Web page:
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Checking blood pressure is an important part of antenatal appointments.

Checking blood pressure is an important part of antenatal appointments.
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Pre-eclampsia or pregnancy induced hypertension (PIH)

4-minute read

Pre-eclampsia is a serious condition that can occur during pregnancy where there is high blood pressure and abnormal kidney function. During pregnancy your blood pressure will be checked at every antenatal appointment because a rise in blood pressure can be the first sign of pre-eclampsia, also called pregnancy-induced hypertension (PIH), pre-eclamptic toxemia and hypertensive disease of pregnancy.

Although most cases of pre-eclampsia are mild and cause no trouble, the condition can get worse and be serious for both mother and baby. It can cause fits (seizures) in the mother, which is called 'eclampsia', and can affect the baby’s growth. It is life-threatening for mother and baby if left untreated.

This is why routine antenatal checks are so important.


Who is at risk?

About 3% – 4% of pregnant women in Australia and New Zealand develop pre-eclampsia. The exact causes are not known but you may be at higher risk of developing pre-eclampsia if you:

  • have chronic hypertension, diabetes or a kidney disorder
  • have had it before
  • are having your first baby
  • are aged 40 years or more or aged under 18 years
  • are expecting twins or triplets
  • have a family history of pre-eclampsia (i.e. your mother had pre-eclampsia)
  • are very overweight at the beginning of your pregnancy (body mass index of 35 or more)
  • have had a gap of 10 years or more since your last pregnancy
  • conceived with in vitro fertilisation (IVF)
  • have an autoimmune disorder such as rheumatoid arthritis

Signs and symptoms

Pre-eclampsia can occur at any time during pregnancy, and up to 6 weeks after birth. It is most common after 20 weeks of pregnancy and in first pregnancies. It can develop gradually over many weeks, or come on suddenly over a few hours.

You can have pre-eclampsia and have no symptoms. It is therefore vital to have regular antenatal checks of blood pressure and urine to detect the condition before it becomes dangerous for mother and baby.

Early symptoms

The first signs of pre-eclampsia are a sudden rise in blood pressure (hypertension) and protein in the urine.

You probably won't notice these symptoms, but your doctor or midwife should pick them up during your antenatal appointments.

Progressive symptoms

As pre-eclampsia develops, it can cause fluid retention (oedema), which often causes sudden swelling of the feet, ankles, face and hands.

Oedema is another common symptom of pregnancy, but it tends to be in the lower parts of the body, such as the feet and ankles. It will gradually build up during the day. If the swelling is sudden, and it particularly affects the face and hands, it could be pre-eclampsia.

As pre-eclampsia progresses, it may cause:

  • severe headaches
  • vision problems, such as blurring or seeing flashing lights
  • pain in the upper abdomen (just below the ribs)
  • vomiting
  • excessive weight gain due to fluid retention
  • feeling generally unwell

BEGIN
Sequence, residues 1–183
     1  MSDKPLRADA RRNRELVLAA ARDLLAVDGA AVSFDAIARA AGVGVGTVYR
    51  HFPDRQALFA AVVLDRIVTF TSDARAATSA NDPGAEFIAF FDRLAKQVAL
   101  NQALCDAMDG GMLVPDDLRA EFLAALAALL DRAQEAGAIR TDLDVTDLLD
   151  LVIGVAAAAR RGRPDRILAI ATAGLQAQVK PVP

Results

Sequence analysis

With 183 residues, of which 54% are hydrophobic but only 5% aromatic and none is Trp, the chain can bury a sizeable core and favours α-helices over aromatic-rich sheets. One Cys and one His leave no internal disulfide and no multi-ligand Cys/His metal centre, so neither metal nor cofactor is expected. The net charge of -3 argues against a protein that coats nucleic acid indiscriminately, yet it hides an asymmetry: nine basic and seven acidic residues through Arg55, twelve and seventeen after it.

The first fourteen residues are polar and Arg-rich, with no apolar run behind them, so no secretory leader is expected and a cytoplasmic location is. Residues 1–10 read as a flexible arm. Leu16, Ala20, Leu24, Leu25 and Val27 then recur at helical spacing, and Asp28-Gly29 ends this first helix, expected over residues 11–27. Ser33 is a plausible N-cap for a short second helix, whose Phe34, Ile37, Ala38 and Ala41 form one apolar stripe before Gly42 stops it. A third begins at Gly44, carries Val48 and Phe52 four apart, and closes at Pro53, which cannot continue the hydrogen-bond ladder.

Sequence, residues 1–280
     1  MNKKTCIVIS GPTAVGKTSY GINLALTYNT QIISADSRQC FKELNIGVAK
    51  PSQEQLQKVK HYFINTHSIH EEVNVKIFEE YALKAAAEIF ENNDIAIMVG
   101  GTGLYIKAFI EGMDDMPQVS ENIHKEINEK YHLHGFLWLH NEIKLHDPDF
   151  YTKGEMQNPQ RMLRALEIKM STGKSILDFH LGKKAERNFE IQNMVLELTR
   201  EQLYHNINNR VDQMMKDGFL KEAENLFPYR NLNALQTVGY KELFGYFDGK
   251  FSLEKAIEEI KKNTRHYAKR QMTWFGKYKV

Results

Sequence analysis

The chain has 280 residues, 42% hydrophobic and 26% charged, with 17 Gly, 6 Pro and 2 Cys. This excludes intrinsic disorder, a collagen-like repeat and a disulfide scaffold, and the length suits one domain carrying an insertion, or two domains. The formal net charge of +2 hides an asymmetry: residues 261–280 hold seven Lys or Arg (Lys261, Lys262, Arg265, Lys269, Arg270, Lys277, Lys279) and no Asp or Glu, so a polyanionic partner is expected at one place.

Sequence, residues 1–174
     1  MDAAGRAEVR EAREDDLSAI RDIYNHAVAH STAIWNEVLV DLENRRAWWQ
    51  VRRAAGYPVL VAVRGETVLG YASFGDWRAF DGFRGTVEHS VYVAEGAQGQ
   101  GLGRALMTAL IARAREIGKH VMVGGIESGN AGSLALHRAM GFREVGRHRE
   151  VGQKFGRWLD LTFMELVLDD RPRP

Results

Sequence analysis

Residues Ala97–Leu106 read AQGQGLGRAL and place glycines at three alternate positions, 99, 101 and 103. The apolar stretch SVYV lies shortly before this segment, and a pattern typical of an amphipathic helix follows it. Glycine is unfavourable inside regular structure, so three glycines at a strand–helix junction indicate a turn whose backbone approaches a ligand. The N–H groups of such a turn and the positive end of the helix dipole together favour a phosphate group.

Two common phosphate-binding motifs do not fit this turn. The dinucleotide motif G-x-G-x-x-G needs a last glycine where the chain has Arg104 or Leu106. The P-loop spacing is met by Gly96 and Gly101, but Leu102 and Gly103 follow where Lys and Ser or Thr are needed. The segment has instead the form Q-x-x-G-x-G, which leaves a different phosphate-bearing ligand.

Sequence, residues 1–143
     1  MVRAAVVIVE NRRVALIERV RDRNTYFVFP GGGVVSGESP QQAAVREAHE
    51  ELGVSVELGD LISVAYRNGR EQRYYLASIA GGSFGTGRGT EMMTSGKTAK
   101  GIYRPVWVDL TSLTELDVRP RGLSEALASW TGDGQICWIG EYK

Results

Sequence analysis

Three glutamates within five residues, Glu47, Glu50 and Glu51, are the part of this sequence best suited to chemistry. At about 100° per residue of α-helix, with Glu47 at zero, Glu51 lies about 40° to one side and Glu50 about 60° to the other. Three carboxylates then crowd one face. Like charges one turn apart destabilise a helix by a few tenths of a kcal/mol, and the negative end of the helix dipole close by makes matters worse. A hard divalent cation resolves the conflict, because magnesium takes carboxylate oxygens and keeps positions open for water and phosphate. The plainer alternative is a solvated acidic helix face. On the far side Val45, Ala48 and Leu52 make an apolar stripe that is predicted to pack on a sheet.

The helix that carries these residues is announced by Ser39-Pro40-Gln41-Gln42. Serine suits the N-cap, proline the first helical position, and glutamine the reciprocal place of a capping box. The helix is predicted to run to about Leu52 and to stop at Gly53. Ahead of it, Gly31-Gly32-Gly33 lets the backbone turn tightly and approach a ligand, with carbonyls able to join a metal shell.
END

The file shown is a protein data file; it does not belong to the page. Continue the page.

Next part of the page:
However, you can also have severe pre-eclampsia without any symptoms. If you get any of the symptoms listed above, or have any reason to think you have pre-eclampsia, contact your midwife, doctor or the hospital immediately.

Pre-eclampsia can also develop soon after childbirth, and you should alert your doctor or midwife of any concerns you may have after your baby is born.

Symptoms in the unborn baby

The main sign of pre-eclampsia in the unborn baby is slow growth. This is caused by poor blood supply through the placenta to the baby. The growing baby is starved of oxygen and nutrients and this will affect its growth.

Treatment

Once pre-eclampsia develops, it does not go away until after the baby is born. Treatment may start with rest at home, but some women need to be admitted to hospital and to take medicines that lower high blood pressure. Occasionally, pre-eclampsia is a reason to deliver the baby early — you may be offered induction of labour or a caesarean section in this case.

Managing pre-eclampsia

It is vital to go to all your antenatal appointments, or to reschedule them if you can't make it, since severe pre-eclampsia can affect both your health and your baby’s health. If left untreated, it can put you at risk from a stroke, impaired kidney and liver function, blood clotting problems, fluid on the lungs and seizures. Your baby may also be born prematurely or small or even stillborn.

If you have any of the risk factors for developing pre-eclampsia mentioned above, attending regular check-ups to have your blood pressure and urine tested is even more important.

Not sure what to do next?

If you are still concerned about pre-eclampsia or pregnancy-induced hypertension, use healthdirect’s online Symptom Checker to get advice on when to seek medical attention. Ensure you attend regular antenatal visits as directed by your health professional and discuss then follow any professional advice given.

The Symptom Checker guides you to the next appropriate healthcare steps, whether it’s self-care, talking to a health professional, going to a hospital or calling triple zero (000).

Last reviewed: September 2018

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